An Individual Voluntary Arrangement (IVA) allows you to pay off your creditors through monthly payments facilitated by an Insolvency Practitioner. In Scotland, it is known as a Deed of Trust. Unlike declaring bankruptcy, an IVA lets you keep more control of your money and continue to operate a business, a huge plus if you’re self-employed.
What Is Covered In An IVA?
You can include the majority of debts in an IVA including personal loans, credit cards, overdrafts, store cards, arrears (council tax, mortgages and utilities), and taxes. You can ask for secured loans to be included, but many creditors won’t give permission for this. You can’t include maintenance or child support arrears, student loans or court fines or joint debts unless the person you share that debt with agrees to an IVA.
There are no lower or upper limits to how much debt can be included in an IVA but, in general, creditors won’t agree to an IVA for less than £10,000. There are also no limits as to how many debts you include in your IVA.
If you can’t include a debt in an IVA, make sure you have enough money to make these payments or look for solutions that will cover all of your debts.
How To Set Up An IVA
To set up an IVA, you need an Insolvency Practitioner, who works with your creditors to reach agreements on payments. Setting up an IVA is a negotiated process. Your Insolvency Practitioner will generally meet with all your creditors and make a proposal for repayment of any debt. Creditors then have the option to request changes to the proposal until everyone is in agreement.
You can only set up an IVA if creditors for 75% of your debts agree, though it then applies to all creditors, stopping them taking action to recover money owed. As part of an IVA, your creditors will generally freeze interest on any debt.
IVAs are legally binding agreements and need court approval to be taken forward. Once your IVA is approved, your name will be entered on the Individual Insolvency Register. It will remain on the register until three months after the IVA has been discharged.
IVAs cost an average of £5,000 to set up. There is a set-up fee and a handling fee for each payment. Make sure you understand what these are before retaining an Insolvency Practitioner and that you can cover any additional costs.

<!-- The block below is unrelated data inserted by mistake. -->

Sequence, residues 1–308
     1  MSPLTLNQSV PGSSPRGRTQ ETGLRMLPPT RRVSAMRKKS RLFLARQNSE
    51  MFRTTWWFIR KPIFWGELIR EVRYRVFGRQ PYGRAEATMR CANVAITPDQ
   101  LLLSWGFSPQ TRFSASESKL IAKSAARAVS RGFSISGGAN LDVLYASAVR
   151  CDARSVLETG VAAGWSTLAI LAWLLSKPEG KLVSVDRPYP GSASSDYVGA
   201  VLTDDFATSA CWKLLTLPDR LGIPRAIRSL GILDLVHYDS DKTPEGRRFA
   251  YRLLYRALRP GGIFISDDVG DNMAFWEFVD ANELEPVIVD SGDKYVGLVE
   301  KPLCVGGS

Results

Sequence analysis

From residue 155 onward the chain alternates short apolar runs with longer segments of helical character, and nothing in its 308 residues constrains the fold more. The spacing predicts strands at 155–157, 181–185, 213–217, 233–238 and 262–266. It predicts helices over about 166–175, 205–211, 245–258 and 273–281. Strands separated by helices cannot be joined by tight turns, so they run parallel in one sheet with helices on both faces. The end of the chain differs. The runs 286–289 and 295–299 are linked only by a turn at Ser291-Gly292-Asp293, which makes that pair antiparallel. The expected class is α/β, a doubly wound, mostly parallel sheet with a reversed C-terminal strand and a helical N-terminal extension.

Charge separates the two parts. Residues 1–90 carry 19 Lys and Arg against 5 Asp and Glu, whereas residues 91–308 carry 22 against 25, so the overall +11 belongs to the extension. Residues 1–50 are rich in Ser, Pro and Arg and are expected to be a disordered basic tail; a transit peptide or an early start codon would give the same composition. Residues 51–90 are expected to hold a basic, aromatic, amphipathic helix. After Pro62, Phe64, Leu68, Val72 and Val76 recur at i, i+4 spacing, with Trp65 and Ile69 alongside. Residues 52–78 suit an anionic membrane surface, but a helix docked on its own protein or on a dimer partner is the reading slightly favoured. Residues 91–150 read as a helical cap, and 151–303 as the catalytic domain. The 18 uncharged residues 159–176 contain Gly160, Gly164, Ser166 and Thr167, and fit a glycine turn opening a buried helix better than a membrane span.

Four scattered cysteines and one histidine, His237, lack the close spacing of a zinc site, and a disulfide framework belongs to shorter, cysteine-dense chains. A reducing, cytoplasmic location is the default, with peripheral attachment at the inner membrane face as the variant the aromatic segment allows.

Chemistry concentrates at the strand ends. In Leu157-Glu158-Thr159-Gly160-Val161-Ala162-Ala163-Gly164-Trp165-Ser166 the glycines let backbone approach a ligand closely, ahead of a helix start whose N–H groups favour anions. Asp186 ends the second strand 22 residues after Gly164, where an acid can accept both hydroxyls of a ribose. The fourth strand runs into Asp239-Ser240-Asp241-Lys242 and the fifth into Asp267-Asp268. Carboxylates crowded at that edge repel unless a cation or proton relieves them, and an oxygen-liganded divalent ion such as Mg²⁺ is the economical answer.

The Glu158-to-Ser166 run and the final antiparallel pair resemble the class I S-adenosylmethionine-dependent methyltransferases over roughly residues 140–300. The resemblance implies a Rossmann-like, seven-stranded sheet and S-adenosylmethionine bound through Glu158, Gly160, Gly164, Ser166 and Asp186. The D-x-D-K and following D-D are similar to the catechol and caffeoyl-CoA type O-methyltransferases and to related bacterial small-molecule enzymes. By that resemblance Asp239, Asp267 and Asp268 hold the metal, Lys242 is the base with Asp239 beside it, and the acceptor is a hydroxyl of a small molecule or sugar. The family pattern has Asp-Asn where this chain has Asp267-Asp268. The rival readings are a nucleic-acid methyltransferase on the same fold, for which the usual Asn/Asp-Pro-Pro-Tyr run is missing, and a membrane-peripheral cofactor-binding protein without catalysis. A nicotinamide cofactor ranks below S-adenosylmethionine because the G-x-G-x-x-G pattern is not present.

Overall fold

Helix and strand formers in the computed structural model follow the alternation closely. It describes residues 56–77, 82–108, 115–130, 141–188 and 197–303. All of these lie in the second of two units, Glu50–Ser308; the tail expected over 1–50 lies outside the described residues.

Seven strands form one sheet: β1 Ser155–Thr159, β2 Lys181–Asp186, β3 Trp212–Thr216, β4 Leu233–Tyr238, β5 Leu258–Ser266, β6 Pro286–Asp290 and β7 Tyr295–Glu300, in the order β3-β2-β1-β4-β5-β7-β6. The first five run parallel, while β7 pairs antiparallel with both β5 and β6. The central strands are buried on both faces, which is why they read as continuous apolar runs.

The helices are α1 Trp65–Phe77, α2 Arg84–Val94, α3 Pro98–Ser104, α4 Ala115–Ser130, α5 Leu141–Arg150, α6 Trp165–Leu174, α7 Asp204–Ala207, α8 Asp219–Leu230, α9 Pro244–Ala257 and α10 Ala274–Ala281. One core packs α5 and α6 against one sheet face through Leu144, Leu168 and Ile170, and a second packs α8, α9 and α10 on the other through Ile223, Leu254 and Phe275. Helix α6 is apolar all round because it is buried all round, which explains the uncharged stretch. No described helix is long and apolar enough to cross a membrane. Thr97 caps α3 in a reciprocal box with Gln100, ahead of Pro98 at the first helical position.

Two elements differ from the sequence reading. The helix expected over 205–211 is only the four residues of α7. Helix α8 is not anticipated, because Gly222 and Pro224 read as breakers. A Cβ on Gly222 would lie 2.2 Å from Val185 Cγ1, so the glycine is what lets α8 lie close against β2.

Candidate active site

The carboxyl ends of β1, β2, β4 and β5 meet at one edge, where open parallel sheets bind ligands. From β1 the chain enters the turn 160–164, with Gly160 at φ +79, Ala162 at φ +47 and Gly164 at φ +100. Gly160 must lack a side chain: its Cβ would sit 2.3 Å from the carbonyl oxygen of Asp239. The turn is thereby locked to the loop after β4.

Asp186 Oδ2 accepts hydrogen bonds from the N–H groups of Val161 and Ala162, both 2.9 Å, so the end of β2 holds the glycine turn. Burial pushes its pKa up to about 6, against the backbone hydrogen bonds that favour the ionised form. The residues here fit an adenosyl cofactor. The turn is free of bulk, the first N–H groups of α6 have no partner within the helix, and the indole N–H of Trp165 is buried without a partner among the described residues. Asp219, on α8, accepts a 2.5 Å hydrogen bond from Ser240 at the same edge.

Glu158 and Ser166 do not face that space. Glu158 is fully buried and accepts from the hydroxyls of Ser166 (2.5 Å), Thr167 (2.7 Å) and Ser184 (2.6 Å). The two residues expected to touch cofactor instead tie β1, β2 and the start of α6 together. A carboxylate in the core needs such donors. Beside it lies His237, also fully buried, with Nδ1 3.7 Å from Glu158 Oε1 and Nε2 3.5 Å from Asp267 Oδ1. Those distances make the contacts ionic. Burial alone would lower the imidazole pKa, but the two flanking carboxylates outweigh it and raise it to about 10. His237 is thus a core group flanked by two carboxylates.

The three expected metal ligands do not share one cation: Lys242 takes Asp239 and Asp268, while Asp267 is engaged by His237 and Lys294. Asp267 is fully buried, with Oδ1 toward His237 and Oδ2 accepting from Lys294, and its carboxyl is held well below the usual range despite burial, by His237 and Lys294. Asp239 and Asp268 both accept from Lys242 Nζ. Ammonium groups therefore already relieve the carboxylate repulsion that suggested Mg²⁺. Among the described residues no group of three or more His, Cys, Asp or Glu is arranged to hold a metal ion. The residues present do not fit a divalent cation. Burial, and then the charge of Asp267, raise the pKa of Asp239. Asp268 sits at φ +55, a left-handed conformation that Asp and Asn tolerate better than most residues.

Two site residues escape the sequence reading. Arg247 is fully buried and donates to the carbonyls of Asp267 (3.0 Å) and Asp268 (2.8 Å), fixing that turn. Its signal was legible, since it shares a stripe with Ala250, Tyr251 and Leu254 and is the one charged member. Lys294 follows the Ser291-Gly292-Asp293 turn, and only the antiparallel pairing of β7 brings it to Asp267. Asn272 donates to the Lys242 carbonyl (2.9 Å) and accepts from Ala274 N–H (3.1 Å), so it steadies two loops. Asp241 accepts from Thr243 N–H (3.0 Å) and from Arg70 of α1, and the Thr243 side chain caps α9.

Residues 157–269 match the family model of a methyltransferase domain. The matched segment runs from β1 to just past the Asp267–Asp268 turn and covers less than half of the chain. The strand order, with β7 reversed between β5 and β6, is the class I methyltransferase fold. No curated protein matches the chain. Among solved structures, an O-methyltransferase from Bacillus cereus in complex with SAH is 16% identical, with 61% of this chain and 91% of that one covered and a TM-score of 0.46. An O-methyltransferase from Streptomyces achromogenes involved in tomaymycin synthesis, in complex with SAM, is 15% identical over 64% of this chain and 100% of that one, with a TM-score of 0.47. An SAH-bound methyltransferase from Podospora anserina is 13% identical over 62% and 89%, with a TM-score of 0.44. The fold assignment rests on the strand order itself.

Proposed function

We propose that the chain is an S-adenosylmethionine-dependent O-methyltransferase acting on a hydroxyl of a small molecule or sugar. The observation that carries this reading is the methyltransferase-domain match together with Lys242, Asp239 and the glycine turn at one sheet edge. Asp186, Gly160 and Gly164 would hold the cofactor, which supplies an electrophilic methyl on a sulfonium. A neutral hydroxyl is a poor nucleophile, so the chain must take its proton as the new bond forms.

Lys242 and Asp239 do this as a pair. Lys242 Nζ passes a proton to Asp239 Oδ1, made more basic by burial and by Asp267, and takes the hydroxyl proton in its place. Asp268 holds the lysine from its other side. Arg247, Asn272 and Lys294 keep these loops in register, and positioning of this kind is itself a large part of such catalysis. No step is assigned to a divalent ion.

Will An IVA Be Approved?
If creditors believe they are getting the best deal and will receive some, if not all, of what they are owed back, they are likely to agree to the IVA. Their decision will take into account how much money you can pay back each month.
Creditors will also want to see a consistent monthly income, giving them more confidence you can make payments, which might be harder to prove if you’re self-employed.
They’re unlikely to sign-off on an IVA unless you can make regular monthly payments, though some might accept a lump sum if you have something you can sell, property for example. Before you sell any property, discuss your options with your Insolvency Practitioner and whether it should be included in an IVA.
You must tell your Insolvency Practitioner of all your assets. Not doing so is a criminal offence and may result in penalties, prison terms or your IVA being cancelled.
Things To Consider When Setting Up An IVA
An IVA can have significant implications on your personal circumstances. You may need to use your savings, including pension payments, for example, to pay off your creditors, meaning you have no money for retirement. You may also be required to re-mortgage your house to release equity to help pay off your debts. Moreover, if you’re a solicitor or accountant, an IVA could impact your career and your ability to do your job.
If your personal circumstances change and you can’t make your payments, your creditors don’t have to accept less money, and you could be declared bankrupt. v
How Long Does An IVA Last?
In general, IVAs last five years and you’re required to make repayments every month. Payments include a fee to your Insolvency Practitioner. Once your IVA ends, you’ll receive a completion certificate. If you haven’t paid off all your debts at the end of your IVA, the remainder will be written off.
If you find out you’re due money, e.g. an inheritance before your IVA ends but don’t receive the money until after your IVA finishes, your creditors can make a claim on this money.